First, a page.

Selected Writings on Art
Critic, novelist and cultural voyeur Michael Bracewell is not a writer who’s easy to classify. Born in 1958, a veteran of the British punk scene, he is a shockingly wide-ranging intellect whose influences range from Aubrey Beardsley to Enrico David. One of the most influential commentators on modern and contemporary art, he has been a regular contributor to Frieze since its inception.
In an engaging collection from the outstanding British art publisher Ridinghouse, Bracewell explores connections between the visual arts, pop music, modern iconography and various sub-cultures. These finely crafted essays appraise the vision and ideas of individual artists and the relation of their work to its broader cultural context. Bracewell has written extensively on artists including Gilbert & George, Richard Hamilton, Bridget Riley, Wolfgang Tillmans, Anish Kapoor, Keith Coventry, John Stezaker, Glenn Brown and Damien Hirst.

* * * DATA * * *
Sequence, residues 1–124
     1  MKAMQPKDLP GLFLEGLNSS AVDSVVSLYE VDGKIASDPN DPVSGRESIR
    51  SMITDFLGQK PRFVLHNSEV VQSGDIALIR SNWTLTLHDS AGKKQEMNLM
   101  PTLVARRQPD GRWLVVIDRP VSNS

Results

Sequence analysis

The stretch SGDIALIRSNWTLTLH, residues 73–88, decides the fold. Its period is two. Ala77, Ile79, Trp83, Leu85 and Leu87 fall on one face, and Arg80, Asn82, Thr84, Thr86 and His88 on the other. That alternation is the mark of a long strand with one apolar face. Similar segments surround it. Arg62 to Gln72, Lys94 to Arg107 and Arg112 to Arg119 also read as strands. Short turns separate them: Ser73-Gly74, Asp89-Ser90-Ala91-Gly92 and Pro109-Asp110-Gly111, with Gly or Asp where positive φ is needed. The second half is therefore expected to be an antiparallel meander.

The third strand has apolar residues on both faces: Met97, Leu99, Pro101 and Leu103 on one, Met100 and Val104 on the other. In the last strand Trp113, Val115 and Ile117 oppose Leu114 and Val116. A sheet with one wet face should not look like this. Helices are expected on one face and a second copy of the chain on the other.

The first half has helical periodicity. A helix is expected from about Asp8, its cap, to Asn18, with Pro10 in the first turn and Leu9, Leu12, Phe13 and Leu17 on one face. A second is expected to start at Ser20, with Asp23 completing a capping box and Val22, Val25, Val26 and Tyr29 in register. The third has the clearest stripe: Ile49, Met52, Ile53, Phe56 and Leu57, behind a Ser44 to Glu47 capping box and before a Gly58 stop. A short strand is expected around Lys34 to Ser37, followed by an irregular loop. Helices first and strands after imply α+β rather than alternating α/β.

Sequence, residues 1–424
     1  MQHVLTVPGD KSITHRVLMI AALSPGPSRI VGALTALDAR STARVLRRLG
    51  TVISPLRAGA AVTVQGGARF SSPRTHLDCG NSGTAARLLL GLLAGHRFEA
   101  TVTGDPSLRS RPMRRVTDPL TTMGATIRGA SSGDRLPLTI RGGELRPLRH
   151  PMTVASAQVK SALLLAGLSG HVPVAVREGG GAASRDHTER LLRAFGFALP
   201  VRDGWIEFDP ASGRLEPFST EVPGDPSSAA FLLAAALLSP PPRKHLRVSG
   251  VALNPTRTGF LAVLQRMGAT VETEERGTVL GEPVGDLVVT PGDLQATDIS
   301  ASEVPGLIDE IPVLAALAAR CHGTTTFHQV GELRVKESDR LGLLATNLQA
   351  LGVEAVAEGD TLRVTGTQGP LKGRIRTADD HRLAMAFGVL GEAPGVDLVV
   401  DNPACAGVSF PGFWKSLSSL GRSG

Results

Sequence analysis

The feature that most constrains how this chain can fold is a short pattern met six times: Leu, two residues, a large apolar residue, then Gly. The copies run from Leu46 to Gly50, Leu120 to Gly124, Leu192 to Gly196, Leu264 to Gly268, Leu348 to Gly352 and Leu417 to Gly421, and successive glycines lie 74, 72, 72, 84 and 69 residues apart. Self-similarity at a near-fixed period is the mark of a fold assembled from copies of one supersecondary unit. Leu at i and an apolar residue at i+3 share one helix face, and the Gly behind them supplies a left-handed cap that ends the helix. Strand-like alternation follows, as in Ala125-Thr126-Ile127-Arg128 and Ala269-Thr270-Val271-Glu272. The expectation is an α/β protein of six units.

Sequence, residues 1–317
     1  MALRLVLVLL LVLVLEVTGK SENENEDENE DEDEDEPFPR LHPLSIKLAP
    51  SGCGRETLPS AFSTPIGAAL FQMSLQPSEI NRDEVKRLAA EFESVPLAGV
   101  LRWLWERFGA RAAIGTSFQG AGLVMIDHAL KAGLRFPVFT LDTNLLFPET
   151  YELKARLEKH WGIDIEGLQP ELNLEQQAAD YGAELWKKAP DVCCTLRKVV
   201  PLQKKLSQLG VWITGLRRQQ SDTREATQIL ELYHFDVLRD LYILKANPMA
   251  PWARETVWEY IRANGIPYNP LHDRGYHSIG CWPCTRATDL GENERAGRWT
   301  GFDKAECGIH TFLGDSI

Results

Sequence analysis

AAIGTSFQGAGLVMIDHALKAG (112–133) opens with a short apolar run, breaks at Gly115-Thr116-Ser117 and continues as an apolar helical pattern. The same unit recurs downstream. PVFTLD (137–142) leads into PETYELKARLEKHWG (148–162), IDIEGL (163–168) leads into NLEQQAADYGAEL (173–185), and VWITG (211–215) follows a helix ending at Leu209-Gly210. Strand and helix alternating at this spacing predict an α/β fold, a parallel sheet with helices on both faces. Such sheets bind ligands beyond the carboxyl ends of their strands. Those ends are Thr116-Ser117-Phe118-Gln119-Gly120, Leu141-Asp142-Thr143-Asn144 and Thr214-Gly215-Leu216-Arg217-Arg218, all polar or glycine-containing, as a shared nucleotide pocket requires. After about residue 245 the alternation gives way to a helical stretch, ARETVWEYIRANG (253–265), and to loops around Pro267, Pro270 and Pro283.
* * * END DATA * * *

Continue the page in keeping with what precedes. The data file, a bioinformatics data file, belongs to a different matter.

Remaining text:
Reading Bracewell is sheer pleasure. His British colleagues describe his work as “lyrical” and “inspired.” One critic calls him “the poet laureate of late capitalism,” while another says his prose “shimmers with metaphysical warmth.” Even allowing for critical exaggeration, there’s no question this is a writer of huge talent, with a lot to say.
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